Sunday Roasts, A Year's Worth of Mouthwatering Roasts, from Old-Fashioned Pot Roasts to Glorious Turkeys and Legs of Lamb by Betty Rosbottom includes recipes like Brussels Sprouts, Bacon, and Apples; Golden Cider-Roasted Turkey; and Pork Loin with a Blue Cheese Stuffing and Roasted Pears.
Prep Time: 30 minutes, including making the fresh bread crumbs
Start-To-Finish Time: 1 hour, 40 minutes, including resting time for cooked meat
Natural partners, blue cheese and pears can be used inventively to turn an ordinary pork loin into something extra-special. The cheese finds its way into the herbed bread stuffing, which is packed compactly into the center of this boneless roast. Quartered pears, brushed with a balsamic glaze, roast alongside the meat. The pork slices with their delicious nuggets of stuffing are napped with a simple pan sauce and garnished with golden pear wedges.
1. Using a long, narrow knife, insert the blade into the center of one end the pork and push the knife all the way through to the other end. Turn the knife to create a pocket about 1 in/2.5 em in diame'ter all the way through the roast.
2. Mix together the rosemary, thyme, salt, and pepper. Put half of this mixture in a bowl with the bread crumbs and the cheese; reserve the rest.
3. Using your fingers, rub together the bread crumb mixture (as you would for a crumble), and then stir in 2-1/2 to 3 tbsp of the broth,just enough to moisten mixture. Using the end of a wooden spoon (or, if easier, your thumb), push the stuffing into the pocket to within 1/2 in/12 mm of each end. (It will seem as if you have too much stuffing, but it will be compacted as it is pushed into the cavity.) Pat the roast dry with paper towels/absorbent paper and rub the remaining seasoning mixture over the entire surface. (The roast can be prepared 4 hours ahead; cover and refrigerate.)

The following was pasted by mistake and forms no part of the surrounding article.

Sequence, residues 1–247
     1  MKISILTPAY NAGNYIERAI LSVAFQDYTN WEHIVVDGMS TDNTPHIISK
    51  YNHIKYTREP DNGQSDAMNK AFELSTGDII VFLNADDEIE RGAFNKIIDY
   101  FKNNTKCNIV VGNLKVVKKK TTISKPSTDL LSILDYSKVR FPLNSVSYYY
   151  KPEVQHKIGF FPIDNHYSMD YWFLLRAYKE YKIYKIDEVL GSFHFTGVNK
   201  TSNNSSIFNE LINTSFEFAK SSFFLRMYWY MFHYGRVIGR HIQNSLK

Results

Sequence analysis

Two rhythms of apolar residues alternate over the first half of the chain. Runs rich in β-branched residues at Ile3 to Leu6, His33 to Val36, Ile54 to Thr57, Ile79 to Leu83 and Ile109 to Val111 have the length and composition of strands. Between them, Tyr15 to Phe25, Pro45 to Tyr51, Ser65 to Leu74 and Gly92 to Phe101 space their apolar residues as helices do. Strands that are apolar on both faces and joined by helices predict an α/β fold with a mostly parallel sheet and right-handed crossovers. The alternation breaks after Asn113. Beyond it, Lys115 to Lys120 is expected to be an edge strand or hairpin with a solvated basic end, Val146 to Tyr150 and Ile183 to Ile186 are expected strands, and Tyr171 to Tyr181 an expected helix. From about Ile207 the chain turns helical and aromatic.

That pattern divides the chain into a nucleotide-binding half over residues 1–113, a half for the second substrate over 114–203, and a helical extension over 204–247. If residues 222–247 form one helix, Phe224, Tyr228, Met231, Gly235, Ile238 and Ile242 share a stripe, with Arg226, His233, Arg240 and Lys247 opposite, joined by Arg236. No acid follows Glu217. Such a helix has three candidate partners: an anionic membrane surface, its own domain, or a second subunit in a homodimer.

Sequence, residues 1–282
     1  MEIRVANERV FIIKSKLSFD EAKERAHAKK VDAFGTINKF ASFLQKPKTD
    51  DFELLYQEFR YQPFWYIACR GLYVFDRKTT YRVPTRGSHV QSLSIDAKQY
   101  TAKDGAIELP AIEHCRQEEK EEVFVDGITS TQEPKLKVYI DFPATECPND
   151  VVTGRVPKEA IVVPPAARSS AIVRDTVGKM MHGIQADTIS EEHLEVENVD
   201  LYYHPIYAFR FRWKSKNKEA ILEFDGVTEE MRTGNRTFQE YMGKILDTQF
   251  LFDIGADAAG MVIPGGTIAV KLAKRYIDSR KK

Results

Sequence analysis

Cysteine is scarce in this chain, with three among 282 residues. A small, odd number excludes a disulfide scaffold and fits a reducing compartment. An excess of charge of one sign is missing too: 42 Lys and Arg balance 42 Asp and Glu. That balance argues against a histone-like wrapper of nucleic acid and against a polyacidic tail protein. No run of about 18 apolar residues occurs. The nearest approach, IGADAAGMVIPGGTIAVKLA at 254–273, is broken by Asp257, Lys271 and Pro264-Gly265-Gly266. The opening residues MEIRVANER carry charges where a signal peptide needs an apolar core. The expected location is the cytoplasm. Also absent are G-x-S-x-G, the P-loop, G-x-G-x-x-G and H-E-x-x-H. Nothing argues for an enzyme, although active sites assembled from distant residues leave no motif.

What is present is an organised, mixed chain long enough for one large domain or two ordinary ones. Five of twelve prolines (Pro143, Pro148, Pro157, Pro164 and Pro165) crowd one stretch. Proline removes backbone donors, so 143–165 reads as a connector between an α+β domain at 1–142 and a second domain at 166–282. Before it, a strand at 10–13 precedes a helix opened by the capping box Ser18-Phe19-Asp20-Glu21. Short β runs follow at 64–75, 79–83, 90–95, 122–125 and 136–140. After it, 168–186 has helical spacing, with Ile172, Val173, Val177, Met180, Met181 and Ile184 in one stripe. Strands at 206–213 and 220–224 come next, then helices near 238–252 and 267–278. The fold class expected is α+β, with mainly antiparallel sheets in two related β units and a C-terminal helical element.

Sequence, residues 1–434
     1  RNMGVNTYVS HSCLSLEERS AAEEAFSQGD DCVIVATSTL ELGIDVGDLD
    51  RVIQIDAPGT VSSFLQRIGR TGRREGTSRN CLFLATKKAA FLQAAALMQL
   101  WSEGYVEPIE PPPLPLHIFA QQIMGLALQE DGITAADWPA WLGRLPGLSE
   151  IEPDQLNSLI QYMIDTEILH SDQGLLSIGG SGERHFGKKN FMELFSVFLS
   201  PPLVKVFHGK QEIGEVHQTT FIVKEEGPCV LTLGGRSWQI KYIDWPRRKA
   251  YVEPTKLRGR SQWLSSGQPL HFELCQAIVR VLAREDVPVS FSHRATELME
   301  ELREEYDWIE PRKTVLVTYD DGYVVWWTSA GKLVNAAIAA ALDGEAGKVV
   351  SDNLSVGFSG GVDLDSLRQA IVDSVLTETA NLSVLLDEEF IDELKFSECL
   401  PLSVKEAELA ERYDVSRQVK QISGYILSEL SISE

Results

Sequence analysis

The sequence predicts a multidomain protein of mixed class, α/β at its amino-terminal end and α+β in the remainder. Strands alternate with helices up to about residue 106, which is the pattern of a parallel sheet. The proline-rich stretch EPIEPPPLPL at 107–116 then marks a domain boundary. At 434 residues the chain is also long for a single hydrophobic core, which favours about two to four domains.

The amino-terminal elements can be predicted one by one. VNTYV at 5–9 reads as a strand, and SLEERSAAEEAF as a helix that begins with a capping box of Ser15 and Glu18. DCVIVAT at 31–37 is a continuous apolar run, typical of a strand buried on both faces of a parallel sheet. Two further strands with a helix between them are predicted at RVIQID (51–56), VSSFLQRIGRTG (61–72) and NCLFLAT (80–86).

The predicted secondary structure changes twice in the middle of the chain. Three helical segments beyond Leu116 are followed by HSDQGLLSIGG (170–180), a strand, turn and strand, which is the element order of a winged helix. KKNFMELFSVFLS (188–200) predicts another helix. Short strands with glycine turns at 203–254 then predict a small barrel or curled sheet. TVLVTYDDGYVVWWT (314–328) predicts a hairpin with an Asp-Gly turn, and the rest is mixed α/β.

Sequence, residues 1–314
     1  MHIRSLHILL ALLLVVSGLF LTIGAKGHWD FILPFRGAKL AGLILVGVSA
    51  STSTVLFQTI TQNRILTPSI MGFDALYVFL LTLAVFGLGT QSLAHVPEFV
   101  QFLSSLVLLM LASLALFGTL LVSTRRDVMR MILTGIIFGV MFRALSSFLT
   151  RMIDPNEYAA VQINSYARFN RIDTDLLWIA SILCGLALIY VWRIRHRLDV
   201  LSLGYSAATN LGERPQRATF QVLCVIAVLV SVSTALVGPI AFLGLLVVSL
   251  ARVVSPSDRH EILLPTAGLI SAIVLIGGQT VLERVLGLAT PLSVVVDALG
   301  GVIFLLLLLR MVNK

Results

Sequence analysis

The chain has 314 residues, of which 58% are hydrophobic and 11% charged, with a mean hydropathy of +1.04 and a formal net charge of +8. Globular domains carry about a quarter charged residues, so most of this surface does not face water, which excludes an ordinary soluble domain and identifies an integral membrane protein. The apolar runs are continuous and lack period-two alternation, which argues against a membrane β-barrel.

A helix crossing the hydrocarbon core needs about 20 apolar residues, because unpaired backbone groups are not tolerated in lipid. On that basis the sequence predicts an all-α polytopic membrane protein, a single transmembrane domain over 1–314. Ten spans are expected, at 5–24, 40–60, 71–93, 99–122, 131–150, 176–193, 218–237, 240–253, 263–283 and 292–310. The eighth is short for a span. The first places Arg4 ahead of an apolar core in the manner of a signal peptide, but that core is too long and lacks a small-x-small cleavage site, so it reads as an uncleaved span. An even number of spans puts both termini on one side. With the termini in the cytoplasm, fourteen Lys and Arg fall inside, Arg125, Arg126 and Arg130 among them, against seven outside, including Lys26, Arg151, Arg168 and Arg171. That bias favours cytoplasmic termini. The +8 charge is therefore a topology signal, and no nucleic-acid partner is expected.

4. Arrange a rack at center position and preheat the oven to 400 degrees F /200 degrees C/ gas 6.
5. In a medium bowl, whisk together 2 tbsp of the olive oil and 2 tbsp of the balsamic vinegar, then add the pears and toss to coat.
6. In a large, flameproof roasting pan/tray, add the remaining 2 tbsp oil, or enough to lightly cover the bottom, and set the pan over 1 to 2 burners on medium-high heat. When the oil is hot, brown the pork on all sides, for 6 to 8 minutes. Place the pan in the oven and roast the pork for 10 minutes, and then scatter the pears, skin-sides up, around the meat. Roast for another 10 minutes, and then turn the meat and pears. Continue roasting until an instant-read thermometer registers 150 degrees F/65 degrees C when inserted into the thickest part of the meat and the pears are tender and golden, for 20 to 25 minutes longer. Remove the meat and pears to a cutting board; cover loosely with foil and let rest for 15 minutes. Remove and discard (or sample!) any loose stuffing from the pan. Skim off and discard any fat in the pan.
7. Place the roasting pan/tray over high heat and add the remaining 1 cup/240 ml broth and remaining 1 tbsp vinegar; reduce the liquids by a third while scraping the bits on the bottom of the pan into the sauce. Swirl in the butter and season with additional salt if needed.
8. To serve, slice the roast 3/4 in/2 cm thick, removing the strings. Place the slices on a serving platter and garnish with the pears and, if desired, with fresh herbs. Drizzle the meat and pears with some pan sauce.
Sides: Honey-Glazed Carrots and Parsnips (page 145 of the book) would make a colorful and tempting accompaniment for this roast.
Leftover Tip: Serve leftover slices as you would a pate or terrine with some French cornichons and a good crusty baguette. A green salad tossed in a vinaigrette could round out the garnishes.
Cooking Tip: To make coarse bread crumbs, use a good-quality peasant or country bread loaf that is 1 to 2 days old; sourdough works particularly well. Remove the crust and process large chunks of the bread in a food processor until you have 1-1/2 cups.
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This page created December 2011
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